Tuesday, March 23, 2010

Do the human rights to water improve access to water?


The brother blog Indonesia Law Reporter has just posted a few reflections on an recent article by David Zetland, «Water Rights and Human Rights: The Poor Will not Need Our Charity if We Need Their Water».

This interesting article covers many important issues discussed by the Indonesia Law Reporter.

From a purely legal perspective, Zetland's article is guilty of totally ignoring the actual legal classifications pertaining to property rights and ownership, especially in the context of continental legal traditions.

In the Napoleonic tradition, property offers usus, fructus and abusus to the owner. Property may vary in form through specified modalities, and can be divided into constituent rights through recognised dismemberments.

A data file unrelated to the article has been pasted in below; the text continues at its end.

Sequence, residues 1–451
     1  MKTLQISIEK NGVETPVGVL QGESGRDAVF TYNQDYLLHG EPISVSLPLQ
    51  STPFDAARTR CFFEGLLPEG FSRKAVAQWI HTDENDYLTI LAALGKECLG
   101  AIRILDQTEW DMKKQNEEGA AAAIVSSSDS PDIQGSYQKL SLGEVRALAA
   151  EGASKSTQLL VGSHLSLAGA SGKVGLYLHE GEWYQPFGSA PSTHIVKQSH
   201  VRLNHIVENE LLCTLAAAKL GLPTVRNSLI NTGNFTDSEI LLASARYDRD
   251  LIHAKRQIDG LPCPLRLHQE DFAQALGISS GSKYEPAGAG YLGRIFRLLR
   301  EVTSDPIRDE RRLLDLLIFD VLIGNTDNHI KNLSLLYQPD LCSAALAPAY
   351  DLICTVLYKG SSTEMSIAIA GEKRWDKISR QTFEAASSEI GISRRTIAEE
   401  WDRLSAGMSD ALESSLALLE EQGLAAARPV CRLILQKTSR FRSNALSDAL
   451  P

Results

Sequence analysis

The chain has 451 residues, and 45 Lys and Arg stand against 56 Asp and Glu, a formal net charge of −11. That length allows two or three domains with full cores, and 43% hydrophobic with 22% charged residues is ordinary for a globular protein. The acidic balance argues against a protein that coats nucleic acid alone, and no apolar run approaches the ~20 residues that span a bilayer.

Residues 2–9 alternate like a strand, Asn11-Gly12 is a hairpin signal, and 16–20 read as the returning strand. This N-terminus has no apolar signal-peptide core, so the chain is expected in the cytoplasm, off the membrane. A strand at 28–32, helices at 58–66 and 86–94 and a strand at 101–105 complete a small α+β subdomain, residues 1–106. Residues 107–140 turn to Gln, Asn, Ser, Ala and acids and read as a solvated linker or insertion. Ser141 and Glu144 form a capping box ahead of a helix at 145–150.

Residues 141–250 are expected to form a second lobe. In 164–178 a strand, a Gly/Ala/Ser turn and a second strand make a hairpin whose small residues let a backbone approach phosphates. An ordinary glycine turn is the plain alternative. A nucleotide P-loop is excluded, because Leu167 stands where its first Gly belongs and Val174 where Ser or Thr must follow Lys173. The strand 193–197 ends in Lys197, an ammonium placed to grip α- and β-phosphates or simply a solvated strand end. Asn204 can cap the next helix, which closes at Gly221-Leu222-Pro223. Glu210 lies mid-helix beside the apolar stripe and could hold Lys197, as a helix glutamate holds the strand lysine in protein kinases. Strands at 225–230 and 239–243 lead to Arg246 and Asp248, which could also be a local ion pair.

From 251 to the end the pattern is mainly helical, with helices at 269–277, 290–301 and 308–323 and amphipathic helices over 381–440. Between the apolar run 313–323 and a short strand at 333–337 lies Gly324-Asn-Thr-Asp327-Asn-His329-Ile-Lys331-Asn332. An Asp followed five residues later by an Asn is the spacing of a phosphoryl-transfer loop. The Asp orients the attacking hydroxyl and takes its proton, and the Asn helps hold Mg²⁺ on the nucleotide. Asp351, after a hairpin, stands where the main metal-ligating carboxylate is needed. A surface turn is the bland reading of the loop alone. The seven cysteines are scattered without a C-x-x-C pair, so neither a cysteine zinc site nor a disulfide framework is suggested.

These typologies and the related legal constructs and mechanisms, which are specific to each jurisdictions, have an important impact on the economic management of water resources because they often determine the transaction costs related to transfers of rights.

Unfortunately, blackboard economics tend to overlook the very significant impacts of legal «technicalities», which are particularly crucial in jurisdictions where the doctrine of numerus clausus is accepted (see for example this article).

According to this doctrine, the number of forms for property rights are not infinite, but limited to a specific few recognised forms. This forces newly proposed resources management regime to fit into the existing legal taxonomy for property rights, and constrains inovation.

Finally, although the assessment of the effectiveness of Zetland's proposal is entirely beyond the competences of this blog, it remains usefull to point out that all national scale experiments to create a water market for allocative efficiency have de facto failed up to now, and spectacularly so in most cases.

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